Friday, February 26, 2010

The Bin

So Oprah is going to clean out her closet and auction off her used clothing. First of all, I find it remarkable that people are excited about owning someone else’s smelly shoes and worn clothing. I wonder why a woman who is so into helping others has a bijillion pairs of shoes while so many in this world have none. And, what is so exciting about owning a celebrity’s old clothes?

I grew up wearing hand-me-downs. I was thrilled to have something new to wear. However, the best used clothing was that which resided in the old storage bin in the upstairs closet.

I’m not sure or the origin of the clothing. My memory bank has nothing in it resembling my parents or sisters wearing the used clothes. Yet it was the best pile of dress-up clothes any little girl could ever wish for. I do know that the roller skating outfit belonged to my cousin Karen. The green corduroy vest had yellow buttons that matched the yellow satin lining the circle skirt. If you twirled really fast, the skirt flared straight out revealing the gorgeous underside. I did a lot of twirling.

A red chenille jacket was a prize for the wearer. It was a bit tattered but darling in the eyes of a girl of 6. The buttons were rounded and the sleeves narrowed at the wrist. I can’t imagine anyone wearing it in public, but in the dress-up world of a little girl, it was styling.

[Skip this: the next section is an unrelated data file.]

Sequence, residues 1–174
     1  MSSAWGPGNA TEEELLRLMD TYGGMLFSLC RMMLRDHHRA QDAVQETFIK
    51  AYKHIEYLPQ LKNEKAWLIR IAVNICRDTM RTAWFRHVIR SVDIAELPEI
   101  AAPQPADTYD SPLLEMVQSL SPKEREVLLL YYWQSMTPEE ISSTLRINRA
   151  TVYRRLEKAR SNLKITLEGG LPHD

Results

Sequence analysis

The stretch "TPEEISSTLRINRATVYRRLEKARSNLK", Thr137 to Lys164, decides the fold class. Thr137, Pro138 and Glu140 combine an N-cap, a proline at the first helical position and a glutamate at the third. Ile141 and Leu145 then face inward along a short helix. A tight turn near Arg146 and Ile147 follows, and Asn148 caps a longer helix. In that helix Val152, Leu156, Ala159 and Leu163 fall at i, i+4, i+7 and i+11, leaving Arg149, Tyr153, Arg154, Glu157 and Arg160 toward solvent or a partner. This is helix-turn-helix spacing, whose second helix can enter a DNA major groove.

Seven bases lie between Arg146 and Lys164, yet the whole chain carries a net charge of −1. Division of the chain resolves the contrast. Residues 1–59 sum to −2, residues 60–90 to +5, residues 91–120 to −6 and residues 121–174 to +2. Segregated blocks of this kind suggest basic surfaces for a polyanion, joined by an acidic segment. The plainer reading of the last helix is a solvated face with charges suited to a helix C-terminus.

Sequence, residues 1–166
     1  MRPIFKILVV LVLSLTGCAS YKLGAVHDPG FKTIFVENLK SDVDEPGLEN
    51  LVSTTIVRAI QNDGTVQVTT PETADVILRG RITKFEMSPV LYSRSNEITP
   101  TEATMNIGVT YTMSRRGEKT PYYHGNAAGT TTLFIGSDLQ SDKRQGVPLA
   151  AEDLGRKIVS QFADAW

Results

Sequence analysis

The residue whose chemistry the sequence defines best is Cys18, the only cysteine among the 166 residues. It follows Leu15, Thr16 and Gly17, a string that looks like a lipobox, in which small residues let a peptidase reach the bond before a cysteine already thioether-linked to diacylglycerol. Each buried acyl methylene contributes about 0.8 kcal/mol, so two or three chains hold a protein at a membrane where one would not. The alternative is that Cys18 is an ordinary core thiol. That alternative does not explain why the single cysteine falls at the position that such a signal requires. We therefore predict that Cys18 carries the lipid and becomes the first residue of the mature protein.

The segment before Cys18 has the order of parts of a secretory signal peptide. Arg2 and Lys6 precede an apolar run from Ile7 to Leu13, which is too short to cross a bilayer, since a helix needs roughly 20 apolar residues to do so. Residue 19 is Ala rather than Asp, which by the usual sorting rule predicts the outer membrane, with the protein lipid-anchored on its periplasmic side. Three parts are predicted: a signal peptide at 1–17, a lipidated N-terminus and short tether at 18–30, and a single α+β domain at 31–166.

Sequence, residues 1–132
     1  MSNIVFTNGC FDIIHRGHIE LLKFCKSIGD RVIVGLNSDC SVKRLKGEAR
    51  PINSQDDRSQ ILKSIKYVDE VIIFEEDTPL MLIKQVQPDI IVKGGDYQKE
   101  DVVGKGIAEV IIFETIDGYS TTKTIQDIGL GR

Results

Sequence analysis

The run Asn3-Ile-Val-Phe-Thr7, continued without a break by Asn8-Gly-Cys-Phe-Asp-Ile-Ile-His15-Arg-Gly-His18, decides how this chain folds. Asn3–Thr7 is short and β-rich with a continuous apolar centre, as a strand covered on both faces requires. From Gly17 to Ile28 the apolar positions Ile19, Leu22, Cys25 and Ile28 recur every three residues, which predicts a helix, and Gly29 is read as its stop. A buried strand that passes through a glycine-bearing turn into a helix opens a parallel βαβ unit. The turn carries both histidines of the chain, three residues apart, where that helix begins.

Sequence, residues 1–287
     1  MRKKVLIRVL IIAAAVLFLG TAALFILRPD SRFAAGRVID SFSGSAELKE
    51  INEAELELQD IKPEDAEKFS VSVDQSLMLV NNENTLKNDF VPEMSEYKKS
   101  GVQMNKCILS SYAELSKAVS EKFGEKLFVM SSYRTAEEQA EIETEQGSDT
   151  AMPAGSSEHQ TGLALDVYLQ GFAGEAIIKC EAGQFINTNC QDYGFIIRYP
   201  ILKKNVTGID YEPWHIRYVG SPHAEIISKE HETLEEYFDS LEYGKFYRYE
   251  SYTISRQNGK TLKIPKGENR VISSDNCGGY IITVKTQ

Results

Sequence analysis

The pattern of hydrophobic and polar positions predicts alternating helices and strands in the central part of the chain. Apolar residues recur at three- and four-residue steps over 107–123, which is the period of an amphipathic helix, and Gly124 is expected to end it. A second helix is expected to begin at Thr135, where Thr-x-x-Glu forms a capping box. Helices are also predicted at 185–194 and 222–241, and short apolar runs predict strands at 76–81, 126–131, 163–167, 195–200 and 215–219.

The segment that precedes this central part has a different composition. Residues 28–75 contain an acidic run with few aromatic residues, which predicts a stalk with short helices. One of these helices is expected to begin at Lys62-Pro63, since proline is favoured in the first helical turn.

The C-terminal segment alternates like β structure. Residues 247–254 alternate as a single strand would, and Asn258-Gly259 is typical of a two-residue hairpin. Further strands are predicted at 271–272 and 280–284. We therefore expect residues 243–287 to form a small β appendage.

Mom stored really old shoes in the bottom of the linen cabinet. Old high heels soon found their way to small feet. On the top shelf were the hats. If one could stand tall enough and not fall off the chair, a hat could top off the outfit. A little girl’s paradise.

Once in awhile new items would appear without announcement. I remember an old yellow and brown knitted beret and a bit of lingerie that neither Brenda nor I wanted to wear. Tossed aside we went for the old standards we loved.

I have a feeling that some of the clothing came from a deceased relative or in a bag of old clothing someone handed off to Mom. I like to think that each piece had a family history. Probably not.

The old bin was a precious as the clothing. Probably an old grain or flour bin that had once been in a store, it had two sections that opened from the top revealing on one side a casket sized opening and on the other the smaller bin with dress-up treasures. Sometimes the bin would become a hideout or just a great place to sit and contemplate the closet.

June has the old bin now. It holds many memories for me, memories of giggling girls rummaging through old clothes, the pile of blankets stored in the other bin. Shoes lined up across the top.

I know that my memories of the old bin are not my own for every child who visited Ruth’s house new where the dress-up clothes were waiting for another day of play. There was no value in the clothing in that old bin, but still they were treasures.

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